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Conservation godfather: Why rail will run through Nairobi National Park

railll_1
railll_1
Written by editor

Unlike some members of the conservation community in Kenya, the Chairman of the Board of Trustees of the Kenya Wildlife Service (KWS), Dr.

Unlike some members of the conservation community in Kenya, the Chairman of the Board of Trustees of the Kenya Wildlife Service (KWS), Dr. Richard Leakey, yesterday showed some remarkable maturity, when he jointly addressed the public with his colleagues of the Kenya National Land Commission and the Kenya Railways in regards to the planned construction of the track at the edge of the Nairobi National Park of the planned Standard Gauge Railway.

The matter under consideration had been used by certain conservationists to character assassinate the owner of the African Heritage House Mr. Alan Donovan, leveling a number of unfounded allegations against him, after the house plus museum was earlier this year declared a national monument.

Kenya’s conservation godfather, Dr. Richard Leakey, however, clearly was of a different opinion when he, together with his two colleagues, issued a statement today in which the decision to allow the railway through the park was explained:

Start quote:

The Kenya Wildlife Service (KWS) was approached some months back in early 2015 to grant access through the Nairobi National Park by the Standard Gauge Railway (SGR), which is under construction. A number of meetings have been held between KWS, the Kenya Railways KR) and the National Land Commission (NLC) in an attempt to find a pragmatic solution which will, amongst other things, reflect the fundamental principles on the management of state land that is protected by both the Constitution of Kenya and various laws, especially the Wildlife Conservation and Management Act, 2013. Of particular concern to the Boards of KWS and KR, and the NLC was that:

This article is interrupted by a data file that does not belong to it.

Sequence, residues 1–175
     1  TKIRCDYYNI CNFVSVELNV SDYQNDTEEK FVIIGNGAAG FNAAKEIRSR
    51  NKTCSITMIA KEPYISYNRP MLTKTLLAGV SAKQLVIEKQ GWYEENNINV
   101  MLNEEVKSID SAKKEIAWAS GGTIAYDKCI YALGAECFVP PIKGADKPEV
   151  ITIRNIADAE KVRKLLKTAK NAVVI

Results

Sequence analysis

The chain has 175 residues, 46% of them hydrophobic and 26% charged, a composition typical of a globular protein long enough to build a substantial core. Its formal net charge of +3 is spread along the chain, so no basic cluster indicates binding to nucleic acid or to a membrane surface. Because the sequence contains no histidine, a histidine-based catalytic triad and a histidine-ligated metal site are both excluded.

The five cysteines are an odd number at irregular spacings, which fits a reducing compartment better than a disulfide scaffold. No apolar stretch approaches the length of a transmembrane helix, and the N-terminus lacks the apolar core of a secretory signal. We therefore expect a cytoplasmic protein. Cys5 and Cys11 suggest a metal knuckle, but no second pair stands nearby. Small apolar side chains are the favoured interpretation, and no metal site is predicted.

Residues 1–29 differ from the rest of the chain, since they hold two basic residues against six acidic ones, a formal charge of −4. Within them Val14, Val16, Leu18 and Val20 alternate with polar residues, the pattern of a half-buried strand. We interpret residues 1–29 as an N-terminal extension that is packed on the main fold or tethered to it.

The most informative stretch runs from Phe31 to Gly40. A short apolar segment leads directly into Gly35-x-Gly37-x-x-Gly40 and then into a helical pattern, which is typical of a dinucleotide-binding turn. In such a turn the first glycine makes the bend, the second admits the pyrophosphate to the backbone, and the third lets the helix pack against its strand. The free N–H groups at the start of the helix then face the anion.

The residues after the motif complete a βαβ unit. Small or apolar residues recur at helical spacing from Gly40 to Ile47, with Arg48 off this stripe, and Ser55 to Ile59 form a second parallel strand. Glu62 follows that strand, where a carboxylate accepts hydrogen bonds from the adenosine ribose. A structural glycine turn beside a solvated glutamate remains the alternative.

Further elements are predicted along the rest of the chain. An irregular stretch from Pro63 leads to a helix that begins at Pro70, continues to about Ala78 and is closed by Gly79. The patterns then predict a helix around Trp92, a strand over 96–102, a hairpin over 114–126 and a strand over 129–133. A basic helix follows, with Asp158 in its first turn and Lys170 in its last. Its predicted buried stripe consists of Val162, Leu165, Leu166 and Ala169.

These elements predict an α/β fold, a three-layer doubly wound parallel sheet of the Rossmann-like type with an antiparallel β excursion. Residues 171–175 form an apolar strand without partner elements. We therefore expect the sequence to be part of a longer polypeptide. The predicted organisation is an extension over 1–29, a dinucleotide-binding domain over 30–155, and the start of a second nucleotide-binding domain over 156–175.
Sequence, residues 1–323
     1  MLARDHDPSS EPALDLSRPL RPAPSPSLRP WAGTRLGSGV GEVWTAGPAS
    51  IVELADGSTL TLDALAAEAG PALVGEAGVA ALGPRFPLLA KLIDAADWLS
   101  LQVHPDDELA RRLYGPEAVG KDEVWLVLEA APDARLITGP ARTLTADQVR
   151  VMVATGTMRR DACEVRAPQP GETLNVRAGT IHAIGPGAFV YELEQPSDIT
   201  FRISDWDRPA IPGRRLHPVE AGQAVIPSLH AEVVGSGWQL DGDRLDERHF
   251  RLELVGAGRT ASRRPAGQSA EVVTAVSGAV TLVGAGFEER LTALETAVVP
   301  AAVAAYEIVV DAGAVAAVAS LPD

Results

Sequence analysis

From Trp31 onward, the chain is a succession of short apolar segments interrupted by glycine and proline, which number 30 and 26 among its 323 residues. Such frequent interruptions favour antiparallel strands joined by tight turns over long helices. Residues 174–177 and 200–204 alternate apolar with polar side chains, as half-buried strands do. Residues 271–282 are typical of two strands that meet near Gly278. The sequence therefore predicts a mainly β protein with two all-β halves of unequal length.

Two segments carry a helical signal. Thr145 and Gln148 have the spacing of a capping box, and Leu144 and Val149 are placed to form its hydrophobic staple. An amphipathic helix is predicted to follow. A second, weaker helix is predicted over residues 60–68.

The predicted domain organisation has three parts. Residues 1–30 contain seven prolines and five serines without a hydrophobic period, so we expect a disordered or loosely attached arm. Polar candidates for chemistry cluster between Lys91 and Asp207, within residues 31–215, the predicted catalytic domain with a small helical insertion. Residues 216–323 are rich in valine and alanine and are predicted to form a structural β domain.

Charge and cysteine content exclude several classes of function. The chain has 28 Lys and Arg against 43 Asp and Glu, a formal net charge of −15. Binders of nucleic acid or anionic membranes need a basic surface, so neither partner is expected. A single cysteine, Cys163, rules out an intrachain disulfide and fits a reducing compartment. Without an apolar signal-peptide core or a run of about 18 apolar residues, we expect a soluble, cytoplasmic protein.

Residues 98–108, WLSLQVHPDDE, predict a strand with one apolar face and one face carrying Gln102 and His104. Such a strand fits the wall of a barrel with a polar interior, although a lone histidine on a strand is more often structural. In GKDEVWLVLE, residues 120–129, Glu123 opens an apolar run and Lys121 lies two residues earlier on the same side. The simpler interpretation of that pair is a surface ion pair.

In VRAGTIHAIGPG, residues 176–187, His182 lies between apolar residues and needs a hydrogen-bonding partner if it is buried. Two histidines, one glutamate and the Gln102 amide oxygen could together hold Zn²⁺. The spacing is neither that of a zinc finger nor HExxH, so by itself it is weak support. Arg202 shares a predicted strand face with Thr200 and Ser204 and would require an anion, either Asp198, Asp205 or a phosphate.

• The original boundaries of the Nairobi National Park (NNP) will not be varied and the total acreage of NNP will not be reduced.

• Strict controls will be put in place to maximize security of both wildlife and the environment.

• Appropriate measures and fencing along the track will protect animals from fast moving trains.

• Animals and visitors will have access to the eastern side of the SGR track without hindrance by passing under several section of the track that will be elevated on three (3) bridges of almost a kilometre in total length and an underpass height of 6 metres minimum but generally a height of over 20 metres.

• KWS is negotiating to obtain funds from KR to offset the intrusion of the easement and if these funds are paid they will be invested in a transparent Wildlife Endowment Fund where only interest earned could be spent.

It is the view of the boards of Kenya Wildlife Service, National Land Commission and Kenya Railways that allowing the SGR through and in places over Nairobi National Park is a compromise situation that reflects the national interest in the larger sense, and leaves the boundaries of the Park intact and unaltered.

• No boundary changes or loss of acreage occurs.

• Minimal disturbance to the environment with wildlife having access to both sides of the easement.

• There is a huge financial saving on the SGR project which reflects a saving to the tax payers. The substantial savings from this decision will be invested in an endowment fund for wildlife conservation.

• It is our hope that by reaching this compromise, the KWS policy on park land never being excised in future will be reinforced.

• KWS would like to propose to planners and government that all future major transport corridors (rail, road and pipelines) should be put above ground on bridges to allow for wildlife migration and movement, where such corridors pass through any National Park estate.

Signed by the three chairmen

The response from the public at large and a wide cross-section of the conservation community in Kenya was positive as many welcomed the development and statement, which hopefully puts another acrimonious Don Qixote-like fight with the government to rest before it starts in earnest.

A number of recommendations had been received on this subject in the past, vis-a-vis concessions to be extracted from government in regards to funding, land additions to Nairobi National Park, and commitments to keep the remaining migration routes open. No doubt Dr. Leakey will use his influence and standing with the government to negotiate the best possible outcome after demonstrating his sense of real politics and national interest in this particular case imposing himself and by his action superseding the interests of a small but admittedly vocal group not ready for compromise.